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Re: Planet at 30 Arietis B?

Post by Lazarus on 14th October 2009, 3:24 pm

Probably not, but whether it's really worth putting them up when they'll be freely available post-publication via EPE is another matter. I'd personally recommend erring on the side of caution for now.
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Re: Planet at 30 Arietis B?

Post by Edasich on 27th November 2009, 6:05 am

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Re: Planet at 30 Arietis B?

Post by Lazarus on 27th November 2009, 2:24 pm

Thanks for the info! The paper is currently available via the Astronomy & Astrophysics Latest Articles Free service (link to the abstract here)
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Re: Planet at 30 Arietis B?

Post by Sirius_Alpha on 23rd December 2009, 9:12 pm

A substellar component orbiting the F-star 30 Ari B
http://arxiv.org/abs/0912.4619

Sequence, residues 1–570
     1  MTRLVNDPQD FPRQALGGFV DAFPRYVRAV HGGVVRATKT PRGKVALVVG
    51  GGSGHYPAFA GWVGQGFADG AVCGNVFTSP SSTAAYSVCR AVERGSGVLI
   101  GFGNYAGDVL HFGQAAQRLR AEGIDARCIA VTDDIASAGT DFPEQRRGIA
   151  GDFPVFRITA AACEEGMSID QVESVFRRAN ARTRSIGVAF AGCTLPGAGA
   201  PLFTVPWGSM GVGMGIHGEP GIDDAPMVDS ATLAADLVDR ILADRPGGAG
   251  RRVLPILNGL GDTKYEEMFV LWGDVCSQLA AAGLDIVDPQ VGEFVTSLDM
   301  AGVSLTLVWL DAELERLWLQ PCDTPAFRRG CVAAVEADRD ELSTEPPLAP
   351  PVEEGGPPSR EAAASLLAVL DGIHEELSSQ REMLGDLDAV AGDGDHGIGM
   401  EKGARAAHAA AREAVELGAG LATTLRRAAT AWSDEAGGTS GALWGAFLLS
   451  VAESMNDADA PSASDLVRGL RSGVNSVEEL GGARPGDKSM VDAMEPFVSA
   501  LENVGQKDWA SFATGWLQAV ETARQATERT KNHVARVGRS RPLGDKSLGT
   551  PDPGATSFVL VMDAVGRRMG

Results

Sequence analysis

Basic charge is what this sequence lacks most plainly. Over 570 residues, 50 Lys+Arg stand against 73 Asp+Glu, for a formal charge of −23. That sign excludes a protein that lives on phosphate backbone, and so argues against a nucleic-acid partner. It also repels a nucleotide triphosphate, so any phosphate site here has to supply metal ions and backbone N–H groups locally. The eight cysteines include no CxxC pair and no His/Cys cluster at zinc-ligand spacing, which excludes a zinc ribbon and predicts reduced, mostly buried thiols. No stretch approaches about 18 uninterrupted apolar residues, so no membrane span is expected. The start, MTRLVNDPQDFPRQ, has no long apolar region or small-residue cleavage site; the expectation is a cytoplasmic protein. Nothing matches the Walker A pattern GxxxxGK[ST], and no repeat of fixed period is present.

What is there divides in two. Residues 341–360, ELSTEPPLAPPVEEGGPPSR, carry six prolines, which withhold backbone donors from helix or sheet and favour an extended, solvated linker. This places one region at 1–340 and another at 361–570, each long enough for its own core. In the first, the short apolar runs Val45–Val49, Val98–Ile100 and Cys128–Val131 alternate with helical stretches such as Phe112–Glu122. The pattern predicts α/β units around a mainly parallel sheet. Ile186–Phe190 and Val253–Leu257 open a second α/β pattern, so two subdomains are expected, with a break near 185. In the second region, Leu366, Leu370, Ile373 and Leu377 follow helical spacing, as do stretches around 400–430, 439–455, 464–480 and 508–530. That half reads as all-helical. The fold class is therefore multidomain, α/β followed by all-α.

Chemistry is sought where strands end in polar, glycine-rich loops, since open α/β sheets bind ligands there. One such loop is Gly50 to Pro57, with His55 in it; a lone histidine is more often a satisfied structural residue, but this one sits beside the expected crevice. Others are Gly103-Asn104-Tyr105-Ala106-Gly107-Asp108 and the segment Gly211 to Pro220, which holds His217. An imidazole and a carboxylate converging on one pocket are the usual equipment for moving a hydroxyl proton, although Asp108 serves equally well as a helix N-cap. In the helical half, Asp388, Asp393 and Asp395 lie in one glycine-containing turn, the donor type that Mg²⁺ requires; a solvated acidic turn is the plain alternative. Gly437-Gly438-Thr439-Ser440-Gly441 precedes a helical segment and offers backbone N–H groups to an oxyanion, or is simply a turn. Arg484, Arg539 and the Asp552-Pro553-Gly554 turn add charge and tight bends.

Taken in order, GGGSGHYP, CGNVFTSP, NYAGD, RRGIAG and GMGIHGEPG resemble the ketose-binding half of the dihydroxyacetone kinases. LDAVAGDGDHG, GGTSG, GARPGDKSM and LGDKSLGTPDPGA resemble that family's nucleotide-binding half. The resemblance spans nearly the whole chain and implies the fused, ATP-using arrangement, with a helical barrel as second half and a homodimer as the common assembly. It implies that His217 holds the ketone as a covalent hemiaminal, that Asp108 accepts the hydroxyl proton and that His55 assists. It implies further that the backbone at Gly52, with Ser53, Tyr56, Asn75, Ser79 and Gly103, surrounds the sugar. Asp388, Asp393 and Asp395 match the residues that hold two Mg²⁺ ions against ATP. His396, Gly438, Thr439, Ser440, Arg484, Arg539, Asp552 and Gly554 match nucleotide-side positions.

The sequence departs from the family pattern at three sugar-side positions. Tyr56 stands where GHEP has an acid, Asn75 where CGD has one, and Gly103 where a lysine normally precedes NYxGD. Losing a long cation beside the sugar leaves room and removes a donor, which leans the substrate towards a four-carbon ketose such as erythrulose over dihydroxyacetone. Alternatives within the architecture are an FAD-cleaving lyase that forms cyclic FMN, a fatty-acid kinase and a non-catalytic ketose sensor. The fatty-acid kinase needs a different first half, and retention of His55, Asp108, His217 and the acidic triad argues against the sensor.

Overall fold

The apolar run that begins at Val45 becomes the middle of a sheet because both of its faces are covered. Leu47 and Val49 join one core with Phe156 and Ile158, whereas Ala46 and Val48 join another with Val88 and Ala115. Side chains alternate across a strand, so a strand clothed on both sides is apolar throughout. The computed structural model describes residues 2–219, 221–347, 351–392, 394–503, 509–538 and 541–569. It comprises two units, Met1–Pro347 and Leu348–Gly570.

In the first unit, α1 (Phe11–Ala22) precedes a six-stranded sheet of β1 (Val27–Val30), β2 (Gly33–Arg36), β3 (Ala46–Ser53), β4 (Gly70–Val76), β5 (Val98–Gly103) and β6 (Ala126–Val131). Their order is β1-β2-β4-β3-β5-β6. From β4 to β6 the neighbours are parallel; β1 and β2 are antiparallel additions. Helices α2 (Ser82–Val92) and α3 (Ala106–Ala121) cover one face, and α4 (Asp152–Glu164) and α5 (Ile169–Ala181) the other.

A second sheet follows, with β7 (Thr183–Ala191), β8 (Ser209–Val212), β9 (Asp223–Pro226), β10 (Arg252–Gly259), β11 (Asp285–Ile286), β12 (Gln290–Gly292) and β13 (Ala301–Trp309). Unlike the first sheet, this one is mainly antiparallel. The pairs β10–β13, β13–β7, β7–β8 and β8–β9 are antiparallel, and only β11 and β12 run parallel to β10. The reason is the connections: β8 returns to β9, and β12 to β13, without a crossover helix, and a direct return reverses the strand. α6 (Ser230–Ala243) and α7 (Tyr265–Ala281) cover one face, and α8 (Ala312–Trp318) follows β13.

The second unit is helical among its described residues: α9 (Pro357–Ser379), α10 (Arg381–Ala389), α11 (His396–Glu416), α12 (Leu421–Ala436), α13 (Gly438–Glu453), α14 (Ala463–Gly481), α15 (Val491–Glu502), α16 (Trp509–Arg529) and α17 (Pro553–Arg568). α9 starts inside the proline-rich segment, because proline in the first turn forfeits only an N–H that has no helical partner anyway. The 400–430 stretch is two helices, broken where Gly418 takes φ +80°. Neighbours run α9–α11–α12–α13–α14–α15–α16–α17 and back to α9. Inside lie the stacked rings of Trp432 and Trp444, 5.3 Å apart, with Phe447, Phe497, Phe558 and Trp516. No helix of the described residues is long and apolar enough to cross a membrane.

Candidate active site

Abstract wrote:CONTEXT: Most current radial velocity planet search programs have concentrated on stars of one solar mass. Our knowledge on the frequency of giant planets and brown dwarf companions to more massive stars is thus rather limited. In the case of solar-like stars, the frequency of short-period brown dwarf companions and very massive planets seems to be low. AIMS: Here we present evidence for a substellar companion to 30 Ari B, an F-star of 1.16 $\pm$ 0.04 $\rm M_\odot$ that is a member of a hierarchical triple system. METHODS: The companion was detected by means of precise radial velocity measurements using the 2-m Alfred-Jensch telescope and its 'echelle spectrograph. An iodine absorption cell provided the wavelength reference for precise stellar radial velocity measurements. RESULTS: We analyzed our radial velocity measurements and derived an orbit to the companion with period, P= 335.1+/-2.5 days, eccentricity e = 0.289+/-0.092, and mass function f(m) = (6.1+/-1.7)*10E-7 Modot. CONCLUSIONS: We conclude that the radial velocity variations of 30 Ari B are due to a companion with $m$ sin $i$ of $9.88\pm0.94$ $\rm M_{Jup}$ that is either a massive planet or a brown dwarf. {The object thus belongs to the rare class of massive planets and brown dwarfs orbiting main- sequence stars.